View Full Version : An Eternal Soldier. 1 of 3. Adult, War. 1,800

November 10th, 2014, 04:13 AM
Stepping down off the back of a deuce-and-a-half supply truck, I drop to my feet onto hard-packed red earth. Without a word, the driver waits, watching through a rearview mirror until I pull a duffel bag and suitcase off, then roars away, this being only one stop on his morning mission.

Here I am, at my new post. A sign reads "'C' Company, 2nd Battalion, 35th Armored Division.” There is also a hand-lettered sign next to the entrance of a squad-tent, saying "Orderly Room."

I'm “Fresh Fish” as the term goes, the same as in those prison movies. Meaning that I smell and will continue to stink until I prove myself there. I also have another strike against me. Besides being new, I'm a former “REMF,” automatically suspect by all. REMF stands for Rear Echelon Mother-Fucker. In my case it means that I've come from a cushy job back at Headquarters USARV (US Army, Republic of Vietnam) to this combat outfit. It also strongly implies that there has to be a reason for the change.

People in the rear don’t ever volunteer for combat duty. Nobody wakes up in a comfy villa in Saigon, dresses in starched jungle fatigues, eats a good breakfast in an air-conditioned mess hall or restaurant, then asks to see the company commander with ,“I’d like to go out to the field, sir. I wanna get shot at and live in a hole in the ground like a rat. Please, may I, sir?”

No. If a REMF gets assigned to a combat company, there is always a good reason -- and I'm no exception.

Sheridan tanks grumble and roar around me, making me step aside and wait as three of the monsters edge between myself and the orderly-room tent. As they pass, clouds of red dust envelope everything. I don't know if it's iron ore in the ground or what causes it but that dust seems unique to Vietnam.

There's still so much starch in my fatigues that even the sweat from 110 degree heat can’t get it all out. The cloth across my shoulders itches from the stuff, also my armpits. If someone looks closely, as I'm sure they will, the smaller PFC patch on my collar conflicts with larger, still unfaded, spots on the sleeves where larger insignia have been taken off. The difference in size is apparent. I've thought about buying new clothing before coming out here to the boondocks but know it would have made no difference. In either case, word will get around.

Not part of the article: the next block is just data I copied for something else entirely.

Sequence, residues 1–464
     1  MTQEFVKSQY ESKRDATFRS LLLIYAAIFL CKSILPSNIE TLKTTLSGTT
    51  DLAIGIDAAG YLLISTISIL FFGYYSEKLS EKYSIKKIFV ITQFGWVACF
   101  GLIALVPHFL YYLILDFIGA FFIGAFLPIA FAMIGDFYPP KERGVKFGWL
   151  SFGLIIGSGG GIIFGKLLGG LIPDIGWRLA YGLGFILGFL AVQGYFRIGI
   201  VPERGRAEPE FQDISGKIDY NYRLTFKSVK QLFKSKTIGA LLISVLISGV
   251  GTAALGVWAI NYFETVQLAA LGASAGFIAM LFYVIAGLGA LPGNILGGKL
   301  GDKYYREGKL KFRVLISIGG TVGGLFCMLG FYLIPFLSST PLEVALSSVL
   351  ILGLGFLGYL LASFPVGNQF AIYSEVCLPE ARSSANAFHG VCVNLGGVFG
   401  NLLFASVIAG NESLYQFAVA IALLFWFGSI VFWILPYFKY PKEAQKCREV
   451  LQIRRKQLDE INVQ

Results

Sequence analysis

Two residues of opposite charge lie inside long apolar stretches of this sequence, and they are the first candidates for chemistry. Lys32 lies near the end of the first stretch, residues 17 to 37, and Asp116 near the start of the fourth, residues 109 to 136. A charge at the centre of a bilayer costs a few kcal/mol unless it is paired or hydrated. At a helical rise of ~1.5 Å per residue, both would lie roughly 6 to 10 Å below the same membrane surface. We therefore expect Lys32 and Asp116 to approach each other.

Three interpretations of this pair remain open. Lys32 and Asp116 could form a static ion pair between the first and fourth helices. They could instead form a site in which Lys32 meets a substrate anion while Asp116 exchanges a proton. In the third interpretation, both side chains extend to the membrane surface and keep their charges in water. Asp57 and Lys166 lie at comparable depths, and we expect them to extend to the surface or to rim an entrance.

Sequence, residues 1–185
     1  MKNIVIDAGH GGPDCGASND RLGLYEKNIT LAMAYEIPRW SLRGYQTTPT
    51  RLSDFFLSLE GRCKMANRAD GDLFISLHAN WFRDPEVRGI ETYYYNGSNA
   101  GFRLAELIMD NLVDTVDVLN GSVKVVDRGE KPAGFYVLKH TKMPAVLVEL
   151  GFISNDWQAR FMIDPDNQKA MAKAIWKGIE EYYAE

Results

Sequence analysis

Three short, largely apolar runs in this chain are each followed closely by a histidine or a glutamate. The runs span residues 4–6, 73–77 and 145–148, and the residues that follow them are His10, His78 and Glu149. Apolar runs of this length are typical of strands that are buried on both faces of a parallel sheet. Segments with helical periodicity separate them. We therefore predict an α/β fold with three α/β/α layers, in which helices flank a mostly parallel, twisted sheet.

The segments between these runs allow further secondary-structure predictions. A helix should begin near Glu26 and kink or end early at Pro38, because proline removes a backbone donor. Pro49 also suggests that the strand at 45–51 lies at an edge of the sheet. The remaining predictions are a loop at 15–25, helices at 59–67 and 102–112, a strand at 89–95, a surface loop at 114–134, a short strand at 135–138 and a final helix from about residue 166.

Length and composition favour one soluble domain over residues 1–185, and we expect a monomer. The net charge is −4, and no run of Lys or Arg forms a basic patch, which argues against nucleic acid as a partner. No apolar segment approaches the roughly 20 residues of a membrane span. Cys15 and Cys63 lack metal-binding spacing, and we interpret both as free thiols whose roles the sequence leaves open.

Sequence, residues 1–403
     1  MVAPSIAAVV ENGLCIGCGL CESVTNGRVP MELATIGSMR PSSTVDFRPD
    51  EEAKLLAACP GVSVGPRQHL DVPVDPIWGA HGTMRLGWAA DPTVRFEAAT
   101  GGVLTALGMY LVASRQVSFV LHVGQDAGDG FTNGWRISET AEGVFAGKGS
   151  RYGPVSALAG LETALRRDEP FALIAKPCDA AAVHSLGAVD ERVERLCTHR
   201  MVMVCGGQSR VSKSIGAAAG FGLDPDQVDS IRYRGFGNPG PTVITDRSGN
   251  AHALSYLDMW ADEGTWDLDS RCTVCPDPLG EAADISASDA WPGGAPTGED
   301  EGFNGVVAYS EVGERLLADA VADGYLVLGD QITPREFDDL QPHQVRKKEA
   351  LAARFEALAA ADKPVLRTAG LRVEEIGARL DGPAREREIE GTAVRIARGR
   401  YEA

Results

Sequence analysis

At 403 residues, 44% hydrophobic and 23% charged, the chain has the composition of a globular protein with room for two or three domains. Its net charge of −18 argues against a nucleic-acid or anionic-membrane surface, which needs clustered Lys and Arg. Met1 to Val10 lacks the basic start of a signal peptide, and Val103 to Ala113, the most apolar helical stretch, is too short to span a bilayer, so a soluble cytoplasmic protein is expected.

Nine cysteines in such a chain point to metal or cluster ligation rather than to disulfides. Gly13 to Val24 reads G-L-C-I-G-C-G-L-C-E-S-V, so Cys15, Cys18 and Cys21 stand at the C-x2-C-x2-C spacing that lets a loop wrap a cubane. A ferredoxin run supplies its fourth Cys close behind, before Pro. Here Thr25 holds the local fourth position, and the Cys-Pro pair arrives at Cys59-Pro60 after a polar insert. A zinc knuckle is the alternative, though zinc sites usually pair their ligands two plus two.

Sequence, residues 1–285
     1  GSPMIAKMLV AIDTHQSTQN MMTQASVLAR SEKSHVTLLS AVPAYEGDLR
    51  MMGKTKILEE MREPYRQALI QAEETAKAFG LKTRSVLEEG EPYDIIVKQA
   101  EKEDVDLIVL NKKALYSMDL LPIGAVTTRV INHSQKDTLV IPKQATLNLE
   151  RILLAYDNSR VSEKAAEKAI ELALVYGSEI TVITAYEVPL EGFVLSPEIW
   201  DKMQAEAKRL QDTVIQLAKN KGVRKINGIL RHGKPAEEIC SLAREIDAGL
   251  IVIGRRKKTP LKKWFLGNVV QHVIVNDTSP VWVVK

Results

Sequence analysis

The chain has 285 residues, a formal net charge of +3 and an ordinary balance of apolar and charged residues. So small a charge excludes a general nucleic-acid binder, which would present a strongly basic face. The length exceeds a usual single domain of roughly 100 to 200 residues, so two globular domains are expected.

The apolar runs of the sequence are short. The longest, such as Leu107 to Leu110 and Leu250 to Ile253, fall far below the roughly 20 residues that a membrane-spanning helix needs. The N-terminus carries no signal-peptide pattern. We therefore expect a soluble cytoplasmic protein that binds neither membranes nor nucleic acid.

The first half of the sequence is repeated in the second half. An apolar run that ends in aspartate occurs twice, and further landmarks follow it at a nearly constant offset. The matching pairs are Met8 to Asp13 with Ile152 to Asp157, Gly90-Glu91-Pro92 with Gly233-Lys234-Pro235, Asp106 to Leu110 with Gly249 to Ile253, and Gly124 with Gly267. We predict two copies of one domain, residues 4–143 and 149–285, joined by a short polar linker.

Dropping my bag outside, I walk into the tent and lay my 201 personnel file on the desk of a SP4 inside. He looks up from a typewriter to eye me casually. I can see his gaze swinging from face to sleeve.

“Kinda old for a PFC, ain’t ya?” he asks, picking up the file that contains records of eighteen years of service. I say nothing, ignoring him in favor of looking around the tent. Let’s get this shit over with is foremost on my mind.

The canvas encloses a space twenty-feet square and maybe nine-feet high at its peak. There is electricity, with several large floor-fans blowing heat around, occasionally rustling papers attached to a portable bulletin board pounded into sandy ground. Two other, empty, desks complete the ensemble.

“CO won’t be back today. First sergeant’s down at headquarters.” The clerk brings me back to earth. “You can hang around for awhile or wait in the mess tent. I’m Simmons, the company clerk.” He reaches a hand up, not bothering to get to his feet. I shake it.

“Mike. Mike Edwards,” I tell him. “I’ll be in the mess hall.” No need to ask which tent. It has a distinctive shape with one section higher than the rest for ventilating stoves.

The mess tent appears to be the largest in the small compound. I can see a makeshift counter made of stacked five-gallon insulated cans with wooden planks stretched between them. Behind the counter, nearer the front of the tent, there are several field-stoves with gasoline burners under them. Two cooks in fatigues, looking incongruous with white aprons and paper hats covering fatigue uniforms, are busily doing whatever cooks do at a wooden picnic table.